Tuesday, October 07, 2008



Congress is Incredibly Corrupt - disability backlogs and Pork barrel spending

In a large number of posts on this blog, I've stated that the fundamental problems with both the social security disability and SSI disability program can be laid at the feet of 545 would-be Presidents, i.e. the members of the House of Representatives and the Senate. They love to be interviewed in newspapers and on TV about how backlogs in the federal disability system are hurting their constituents and how they are mystified that such a situation could come to be---when, really, it all comes down to the fact that they never fund the social security administration to the level needed to keep sufficient manpower to do the work required to A) eliminate disability backlogs and B) make sure they don't occur.

It is both fascinating and disgusting that Congress (and I mean every member) can both decry a situation in which disabled Americans face bankruptcy and foreclosure while professing to have no clue as to what the problem is (most cite the need for a special hearing to "investigate" the matter).

But, sadly, it is not surprising. Consider the bank bailout measure passed by Congress. Not only are U.S. taxpayers being saddled with hundreds of billions of dollars of extra debt that resulted from A) the incompetence of Congress and the Administration and B) the unparalelled greed of Wall Street, but adding insult to injury, the bill has been bloated and saddled down with billions of dollars of pork for special interests.

So, I ask the question, are we at a point in our history where the legislative branch, Congress, has become not only incompetent and somewhat corrupt, but now completely and thoroughly corrupt with no hope of improvement?

I think the answer is yes. Because at a time when the nation sits on a precipice, that falling over could lead to economic disaster, the 535 members of Congress did the following--

1. They failed to pass the bailout the first time because too many members of Congress were worried about getting re-elected and wanted to get through the session so they could return home and get back to business: running for re-election.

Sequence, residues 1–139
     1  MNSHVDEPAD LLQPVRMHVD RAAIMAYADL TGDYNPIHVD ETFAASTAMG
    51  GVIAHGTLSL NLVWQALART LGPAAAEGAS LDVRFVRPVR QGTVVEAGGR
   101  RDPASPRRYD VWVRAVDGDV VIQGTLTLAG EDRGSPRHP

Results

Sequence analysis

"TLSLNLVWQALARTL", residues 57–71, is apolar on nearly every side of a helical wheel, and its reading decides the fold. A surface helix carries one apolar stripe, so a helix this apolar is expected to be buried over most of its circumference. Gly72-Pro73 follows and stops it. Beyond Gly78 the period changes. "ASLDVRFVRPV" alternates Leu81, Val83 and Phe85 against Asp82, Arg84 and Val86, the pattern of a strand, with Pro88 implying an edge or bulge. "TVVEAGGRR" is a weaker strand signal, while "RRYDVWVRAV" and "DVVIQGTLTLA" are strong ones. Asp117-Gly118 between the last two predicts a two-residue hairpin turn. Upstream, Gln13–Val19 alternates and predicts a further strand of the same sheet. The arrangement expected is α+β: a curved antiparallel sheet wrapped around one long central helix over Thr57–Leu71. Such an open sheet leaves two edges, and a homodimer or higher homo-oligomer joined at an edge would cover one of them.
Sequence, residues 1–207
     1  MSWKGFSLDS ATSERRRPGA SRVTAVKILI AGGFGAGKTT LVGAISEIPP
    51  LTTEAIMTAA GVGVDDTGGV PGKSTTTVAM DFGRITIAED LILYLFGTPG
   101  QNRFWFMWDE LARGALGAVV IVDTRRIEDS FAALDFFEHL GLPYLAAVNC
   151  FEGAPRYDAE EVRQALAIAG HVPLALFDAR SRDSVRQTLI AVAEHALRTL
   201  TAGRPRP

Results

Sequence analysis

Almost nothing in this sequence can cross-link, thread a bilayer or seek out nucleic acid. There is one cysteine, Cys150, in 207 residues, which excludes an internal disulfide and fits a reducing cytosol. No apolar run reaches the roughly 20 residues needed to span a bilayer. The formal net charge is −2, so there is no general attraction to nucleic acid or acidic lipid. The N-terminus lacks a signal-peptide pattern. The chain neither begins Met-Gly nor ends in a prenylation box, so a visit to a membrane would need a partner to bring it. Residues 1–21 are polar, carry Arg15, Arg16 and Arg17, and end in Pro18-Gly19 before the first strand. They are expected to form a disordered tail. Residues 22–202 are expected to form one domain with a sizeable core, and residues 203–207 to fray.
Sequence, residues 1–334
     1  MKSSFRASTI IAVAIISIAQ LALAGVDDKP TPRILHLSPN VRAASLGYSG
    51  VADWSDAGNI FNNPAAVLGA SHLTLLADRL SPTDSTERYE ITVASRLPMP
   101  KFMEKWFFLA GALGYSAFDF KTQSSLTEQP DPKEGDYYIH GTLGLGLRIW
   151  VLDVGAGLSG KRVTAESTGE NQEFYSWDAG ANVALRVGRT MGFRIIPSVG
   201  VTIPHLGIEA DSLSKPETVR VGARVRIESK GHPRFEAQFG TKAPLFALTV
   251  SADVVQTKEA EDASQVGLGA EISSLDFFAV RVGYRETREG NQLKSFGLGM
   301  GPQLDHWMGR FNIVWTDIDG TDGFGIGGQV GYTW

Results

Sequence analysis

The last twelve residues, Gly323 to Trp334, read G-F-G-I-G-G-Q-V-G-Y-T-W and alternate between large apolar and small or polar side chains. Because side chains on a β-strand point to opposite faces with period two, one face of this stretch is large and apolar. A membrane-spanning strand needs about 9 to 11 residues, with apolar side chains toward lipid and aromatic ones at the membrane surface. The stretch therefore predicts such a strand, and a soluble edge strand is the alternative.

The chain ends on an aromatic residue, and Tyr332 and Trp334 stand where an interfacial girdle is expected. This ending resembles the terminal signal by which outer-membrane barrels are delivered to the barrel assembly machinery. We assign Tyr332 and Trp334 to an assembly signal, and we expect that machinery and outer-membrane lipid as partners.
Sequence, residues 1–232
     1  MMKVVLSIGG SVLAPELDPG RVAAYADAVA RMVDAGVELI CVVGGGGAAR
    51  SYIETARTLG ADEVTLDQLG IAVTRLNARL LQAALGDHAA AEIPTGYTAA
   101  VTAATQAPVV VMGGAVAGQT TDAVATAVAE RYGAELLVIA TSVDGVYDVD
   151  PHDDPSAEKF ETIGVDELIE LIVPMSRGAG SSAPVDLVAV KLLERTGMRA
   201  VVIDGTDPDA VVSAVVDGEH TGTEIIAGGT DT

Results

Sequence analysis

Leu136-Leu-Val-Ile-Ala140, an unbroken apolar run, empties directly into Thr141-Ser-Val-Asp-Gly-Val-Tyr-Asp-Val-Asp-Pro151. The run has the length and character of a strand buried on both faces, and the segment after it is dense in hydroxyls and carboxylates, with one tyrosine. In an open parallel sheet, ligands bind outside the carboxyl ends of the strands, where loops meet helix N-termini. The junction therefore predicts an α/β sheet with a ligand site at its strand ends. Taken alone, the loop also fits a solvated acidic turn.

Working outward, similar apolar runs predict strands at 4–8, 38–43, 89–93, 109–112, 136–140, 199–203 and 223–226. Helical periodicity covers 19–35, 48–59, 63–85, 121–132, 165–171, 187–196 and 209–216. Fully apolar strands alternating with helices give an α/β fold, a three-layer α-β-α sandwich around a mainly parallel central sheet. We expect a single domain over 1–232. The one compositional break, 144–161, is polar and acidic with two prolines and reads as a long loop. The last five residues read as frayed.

2. When the bill was passed, it could happen only when and if our elected representatives could secure enough pork barrel attachments to the bill. After all, these add-ons are essentially payouts, bribes to special interests that help senators and congressman get re-elected.

We shouldn't be surprised by any of this. Why should we? Every member of Congress knows that they have the best job in the world. Great pay and compensation, and lifetime employment if they play things right (lie often enough and even come to believe their own lies).

The social security retirement and disability system will, likely, only be reformed when and if members of Congress are forced out of their private Congressional retirement system and into the social security system.

The healthcare system will, likely, only be reformed when members of Congress are forced out of their private congressional healthcare system and then have to face the reality of what it means to be a citizen in need of health insurance (and most of these guys, due to age, probably have pre-existing conditions so this would be a rude awakener for them).

And the country, in all terrible likelihood, will only be put on the right path when the American people conclude that serving in Congress should not be a lifetime job. In other words, term limits.




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